Allied Health-Care Services

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Britain's ageing population is behind sustained demand for the services offered by the Allied Health-Care Services industry because natural bodily decline accompanies old age. Rising health consciousness and population growth have also expanded the market that the industry caters to. Keen to identify and reverse health problems before they take hold, people of all ages are now more proactive about seeking health care early. The Allied Health-Care Services industry is well placed to take advantage of this.

In spite of this high demand, revenue is only expected to inch up at a compound annual rate of 1.3% over the five years. During the current year, revenue is projected to grow by 1% to £3.8 billion. In the face of economic hardship, the government curtailed the National Health Service (NHS) budget. Since most of the industry operates with assistance from public funding, these budgetary constraints significantly influence the industry. As a result, the public sector will continue to struggle to meet rising demand with limited funds. The government is keen for the private sector to make up the shortfall and has embarked on wide-ranging reforms in the hope of introducing greater competition, thus boosting industry efficiency and minimising costs. However, it will be some years yet before the impact of these reforms can be properly measured.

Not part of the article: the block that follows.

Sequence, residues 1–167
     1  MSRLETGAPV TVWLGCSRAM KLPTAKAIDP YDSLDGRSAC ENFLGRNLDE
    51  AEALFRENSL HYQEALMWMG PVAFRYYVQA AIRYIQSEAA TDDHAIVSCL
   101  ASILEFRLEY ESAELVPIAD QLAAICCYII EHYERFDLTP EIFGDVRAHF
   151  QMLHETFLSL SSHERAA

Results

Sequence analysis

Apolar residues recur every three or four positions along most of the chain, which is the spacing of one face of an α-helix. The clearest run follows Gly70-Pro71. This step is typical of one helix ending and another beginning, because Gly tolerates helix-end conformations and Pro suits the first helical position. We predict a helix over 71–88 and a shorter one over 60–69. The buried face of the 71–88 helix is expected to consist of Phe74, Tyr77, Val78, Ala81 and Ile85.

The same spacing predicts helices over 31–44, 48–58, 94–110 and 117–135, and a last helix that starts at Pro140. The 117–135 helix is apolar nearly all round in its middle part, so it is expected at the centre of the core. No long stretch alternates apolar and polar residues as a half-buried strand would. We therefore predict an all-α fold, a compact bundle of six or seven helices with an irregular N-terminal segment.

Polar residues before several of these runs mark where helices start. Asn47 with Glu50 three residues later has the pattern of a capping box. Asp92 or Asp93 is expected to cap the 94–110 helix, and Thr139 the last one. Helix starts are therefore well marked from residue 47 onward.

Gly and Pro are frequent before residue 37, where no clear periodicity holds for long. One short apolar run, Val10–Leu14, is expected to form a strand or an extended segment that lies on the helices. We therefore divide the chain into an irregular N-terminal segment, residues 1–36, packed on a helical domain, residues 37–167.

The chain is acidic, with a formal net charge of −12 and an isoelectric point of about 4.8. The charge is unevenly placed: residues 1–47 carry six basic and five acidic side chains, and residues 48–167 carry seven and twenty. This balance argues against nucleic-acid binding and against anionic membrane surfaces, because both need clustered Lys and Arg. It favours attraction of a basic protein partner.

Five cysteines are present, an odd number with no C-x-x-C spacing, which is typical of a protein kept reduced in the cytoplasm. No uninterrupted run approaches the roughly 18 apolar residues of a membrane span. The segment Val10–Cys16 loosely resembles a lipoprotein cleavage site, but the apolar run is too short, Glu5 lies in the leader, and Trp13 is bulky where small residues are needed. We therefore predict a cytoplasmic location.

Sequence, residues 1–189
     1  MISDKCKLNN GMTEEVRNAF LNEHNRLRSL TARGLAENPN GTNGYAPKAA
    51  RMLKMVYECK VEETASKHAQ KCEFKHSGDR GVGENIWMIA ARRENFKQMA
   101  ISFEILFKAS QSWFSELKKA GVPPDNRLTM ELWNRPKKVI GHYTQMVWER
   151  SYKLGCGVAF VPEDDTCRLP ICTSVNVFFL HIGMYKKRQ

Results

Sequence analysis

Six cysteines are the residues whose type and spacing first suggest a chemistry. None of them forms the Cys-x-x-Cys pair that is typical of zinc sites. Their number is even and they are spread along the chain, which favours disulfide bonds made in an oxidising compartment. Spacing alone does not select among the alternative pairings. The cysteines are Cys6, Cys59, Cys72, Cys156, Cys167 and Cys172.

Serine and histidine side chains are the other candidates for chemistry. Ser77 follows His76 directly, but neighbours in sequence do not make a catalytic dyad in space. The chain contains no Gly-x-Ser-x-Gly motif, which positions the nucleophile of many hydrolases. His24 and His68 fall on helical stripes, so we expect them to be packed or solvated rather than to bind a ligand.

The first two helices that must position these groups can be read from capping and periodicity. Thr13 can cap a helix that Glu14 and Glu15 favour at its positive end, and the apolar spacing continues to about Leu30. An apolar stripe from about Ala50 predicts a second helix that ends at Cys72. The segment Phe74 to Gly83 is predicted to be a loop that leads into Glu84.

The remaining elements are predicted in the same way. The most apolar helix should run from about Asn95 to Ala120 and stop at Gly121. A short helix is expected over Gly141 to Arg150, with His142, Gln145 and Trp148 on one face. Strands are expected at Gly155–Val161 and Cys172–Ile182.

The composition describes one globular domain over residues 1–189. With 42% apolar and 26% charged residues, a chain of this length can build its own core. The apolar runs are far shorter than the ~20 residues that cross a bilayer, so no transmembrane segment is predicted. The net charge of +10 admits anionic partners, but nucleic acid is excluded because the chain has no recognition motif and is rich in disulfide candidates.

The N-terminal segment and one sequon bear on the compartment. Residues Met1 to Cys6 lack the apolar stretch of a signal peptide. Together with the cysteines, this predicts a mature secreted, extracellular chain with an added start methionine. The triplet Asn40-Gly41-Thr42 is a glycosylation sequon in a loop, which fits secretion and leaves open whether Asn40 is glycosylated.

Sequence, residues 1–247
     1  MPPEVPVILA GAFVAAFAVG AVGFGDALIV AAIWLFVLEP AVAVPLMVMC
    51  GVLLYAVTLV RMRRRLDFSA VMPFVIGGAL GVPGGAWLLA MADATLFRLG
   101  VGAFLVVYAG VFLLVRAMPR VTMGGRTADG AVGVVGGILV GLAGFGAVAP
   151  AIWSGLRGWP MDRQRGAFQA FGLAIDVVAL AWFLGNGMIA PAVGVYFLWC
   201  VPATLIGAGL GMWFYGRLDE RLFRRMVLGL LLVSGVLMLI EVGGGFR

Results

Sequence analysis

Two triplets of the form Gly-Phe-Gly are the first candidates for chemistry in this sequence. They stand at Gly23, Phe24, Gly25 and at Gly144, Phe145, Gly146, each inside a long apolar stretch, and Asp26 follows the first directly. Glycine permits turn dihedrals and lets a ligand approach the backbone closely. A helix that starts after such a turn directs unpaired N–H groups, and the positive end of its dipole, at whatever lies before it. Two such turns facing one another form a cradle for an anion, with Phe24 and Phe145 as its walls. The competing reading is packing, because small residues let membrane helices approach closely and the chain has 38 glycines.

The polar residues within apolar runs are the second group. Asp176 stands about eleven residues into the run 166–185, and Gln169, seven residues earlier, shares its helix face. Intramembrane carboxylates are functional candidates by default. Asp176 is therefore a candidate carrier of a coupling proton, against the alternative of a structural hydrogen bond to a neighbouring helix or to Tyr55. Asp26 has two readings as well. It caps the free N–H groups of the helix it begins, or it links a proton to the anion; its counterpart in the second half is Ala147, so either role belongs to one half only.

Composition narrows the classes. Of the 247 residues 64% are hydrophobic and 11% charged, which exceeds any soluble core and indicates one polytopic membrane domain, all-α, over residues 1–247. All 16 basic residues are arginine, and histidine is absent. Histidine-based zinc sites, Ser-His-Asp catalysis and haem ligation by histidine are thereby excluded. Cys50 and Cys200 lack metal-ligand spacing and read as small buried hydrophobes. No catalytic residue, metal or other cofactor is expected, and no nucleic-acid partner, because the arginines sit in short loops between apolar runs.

In the immediate future, rising frustration with NHS backlogs is likely to encourage greater use of private sector services. Private medical insurance has been becoming more popular for most of the past two decades, although take-up fell between 2008 and 2012. Steady economic growth is set to encourage the purchase of health insurance because individuals are likely to feel more confident about committing to policies as real incomes rise. Companies with existing insurance schemes are anticipated to expand their workforces. However, intense competition will keep private sector prices and margins down. This, alongside government budgetary pressure, is expected to limit compound annual revenue growth to 0.9% over the five years through 2019-20, with industry revenue projected to reach £4 billion.